The hosts 6510, 6610, 6710 and 6810, the UFS devices 6520, 6620, 6720 and 6820 and the UFS cards 6530, 6630, 6730 and 6830 in the respective UFS systems 6500, 6600, 6700 and 6800 may communicate with external devices, for example, wired and/or wireless electronic devices or particularly mobile electronic devices through UFS protocols, and the UFS devices 6520, 6620, 6720 and 6820 and the UFS cards 6530, 6630, 6730 and 6830 may be embodied by the memory system 110 illustrated in FIG. 1. For example, in the UFS systems 6500, 6600, 6700 and 6800, the UFS devices 6520, 6620, 6720 and 6820 may be embodied in the form of the data processing system 6200, the SSD 6300 or the eMMC 6400 described with reference to FIGS. 18 to 20, and the UFS cards 6530, 6630, 6730 and'6830 may be embodied in the form of the memory card system 6100 described with reference to FIG. 17.
Furthermore, in the UFS systems 6500, 6600, 6700 and 6800, the hosts 6510, 6610, 6710 and 6810, the UFS devices 6520, 6620, 6720 and 6820 and the UFS cards 6530, 6630, 6730 and 6830 may communicate with each other through an UFS interface, for example, MIPI M-PHY and MIPI Unified Protocol (UniPro) in Mobile Industry Processor Interface (MIPI). Furthermore, the UFS devices 6520, 6620, 6720 and 6820 and the UFS cards 6530, 6630, 6730 and 6830 may communicate with each other through various protocols other than the UFS protocol, for example, USB flash drives (UFDs), multimedia card (MMC), secure digital (SD), mini-SD, and micro-SD.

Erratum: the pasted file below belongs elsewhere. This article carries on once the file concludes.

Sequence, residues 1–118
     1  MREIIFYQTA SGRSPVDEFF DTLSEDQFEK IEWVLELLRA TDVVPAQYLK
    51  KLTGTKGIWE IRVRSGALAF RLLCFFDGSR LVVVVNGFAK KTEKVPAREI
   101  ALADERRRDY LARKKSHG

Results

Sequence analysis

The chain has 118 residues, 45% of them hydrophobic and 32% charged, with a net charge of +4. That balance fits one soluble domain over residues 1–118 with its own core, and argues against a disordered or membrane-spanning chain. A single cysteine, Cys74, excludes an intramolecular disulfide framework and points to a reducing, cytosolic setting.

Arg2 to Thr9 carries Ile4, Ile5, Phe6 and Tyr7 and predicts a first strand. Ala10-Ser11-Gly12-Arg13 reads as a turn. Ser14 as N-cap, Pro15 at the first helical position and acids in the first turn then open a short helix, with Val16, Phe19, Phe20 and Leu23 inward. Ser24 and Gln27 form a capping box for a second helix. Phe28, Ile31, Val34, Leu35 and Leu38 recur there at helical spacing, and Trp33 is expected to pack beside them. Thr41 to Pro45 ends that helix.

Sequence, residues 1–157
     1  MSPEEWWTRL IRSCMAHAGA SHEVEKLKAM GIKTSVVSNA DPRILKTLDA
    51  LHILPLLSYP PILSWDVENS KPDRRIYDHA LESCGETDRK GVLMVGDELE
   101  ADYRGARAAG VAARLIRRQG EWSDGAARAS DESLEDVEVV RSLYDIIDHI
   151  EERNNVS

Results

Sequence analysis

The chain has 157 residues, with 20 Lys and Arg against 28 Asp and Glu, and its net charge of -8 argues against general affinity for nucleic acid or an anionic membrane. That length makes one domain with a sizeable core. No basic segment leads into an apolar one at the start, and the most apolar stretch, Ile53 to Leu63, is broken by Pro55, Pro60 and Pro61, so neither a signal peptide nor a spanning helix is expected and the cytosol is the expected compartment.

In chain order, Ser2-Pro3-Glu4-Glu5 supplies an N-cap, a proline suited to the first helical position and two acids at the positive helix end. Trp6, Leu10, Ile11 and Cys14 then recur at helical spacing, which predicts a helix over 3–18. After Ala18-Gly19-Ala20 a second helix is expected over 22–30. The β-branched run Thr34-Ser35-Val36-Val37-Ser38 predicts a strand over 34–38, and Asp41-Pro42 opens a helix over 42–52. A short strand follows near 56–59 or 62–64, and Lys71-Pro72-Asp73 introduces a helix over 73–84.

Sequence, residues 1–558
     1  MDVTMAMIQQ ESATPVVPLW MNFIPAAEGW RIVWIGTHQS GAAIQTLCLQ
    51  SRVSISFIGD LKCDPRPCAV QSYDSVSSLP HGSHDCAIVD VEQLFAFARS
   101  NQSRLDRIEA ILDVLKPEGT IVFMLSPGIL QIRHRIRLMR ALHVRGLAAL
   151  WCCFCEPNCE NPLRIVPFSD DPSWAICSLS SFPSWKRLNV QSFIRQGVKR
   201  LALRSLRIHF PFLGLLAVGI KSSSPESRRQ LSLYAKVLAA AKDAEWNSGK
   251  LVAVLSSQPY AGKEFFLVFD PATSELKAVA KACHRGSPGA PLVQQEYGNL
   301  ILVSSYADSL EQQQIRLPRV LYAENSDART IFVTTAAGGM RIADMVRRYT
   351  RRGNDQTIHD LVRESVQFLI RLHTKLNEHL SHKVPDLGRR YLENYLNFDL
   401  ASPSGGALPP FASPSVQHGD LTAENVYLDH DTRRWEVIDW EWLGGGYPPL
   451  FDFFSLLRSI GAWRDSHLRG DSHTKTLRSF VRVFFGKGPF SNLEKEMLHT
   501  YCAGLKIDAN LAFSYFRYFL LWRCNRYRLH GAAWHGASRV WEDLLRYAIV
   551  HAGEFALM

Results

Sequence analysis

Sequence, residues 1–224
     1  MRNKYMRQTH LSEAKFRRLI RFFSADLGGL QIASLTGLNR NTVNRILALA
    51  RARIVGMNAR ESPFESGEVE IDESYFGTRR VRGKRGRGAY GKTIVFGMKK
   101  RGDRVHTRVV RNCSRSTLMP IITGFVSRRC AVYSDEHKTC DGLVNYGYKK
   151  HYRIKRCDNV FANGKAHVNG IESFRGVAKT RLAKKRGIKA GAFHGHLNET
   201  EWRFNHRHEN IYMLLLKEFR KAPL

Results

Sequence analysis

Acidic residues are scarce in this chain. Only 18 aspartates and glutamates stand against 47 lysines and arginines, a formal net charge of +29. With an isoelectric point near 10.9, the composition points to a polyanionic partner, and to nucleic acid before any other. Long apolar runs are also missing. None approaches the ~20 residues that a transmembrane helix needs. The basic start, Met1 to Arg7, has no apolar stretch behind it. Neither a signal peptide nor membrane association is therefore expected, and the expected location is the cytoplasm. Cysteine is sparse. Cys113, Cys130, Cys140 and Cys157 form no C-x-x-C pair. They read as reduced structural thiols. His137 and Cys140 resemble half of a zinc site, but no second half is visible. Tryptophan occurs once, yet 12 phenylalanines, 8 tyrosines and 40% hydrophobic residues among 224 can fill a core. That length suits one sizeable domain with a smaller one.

In the UFS system 6500 illustrated in FIG. 21, each of the host 6510, the UFS device 6520 and the UFS card 6530 may include UniPro. The host 6510 may perform a switching operation in order to communicate with the UFS device 6520 and the UFS card 6530. In particular, the host 6510 may communicate with the UFS device 6520 or the UFS card 6530 through link layer switching, for example, L3 switching at the UniPro. At this time, the UFS device 6520 and the UFS card 6530 may communicate with each other through link layer switching at the UniPro of the host 6510. In an embodiment, the configuration in which one UFS device 6520 and one UFS card 6530 are connected to the host 6510 has been exemplified for convenience of description. However, a plurality of UFS devices and UFS cards may be connected in parallel or in the form of a star to the host 6410, and a plurality of UFS cards may be connected in parallel or in the form of a star to the UFS device 6520 or connected in series or in the form of a chain to the UFS device 6520.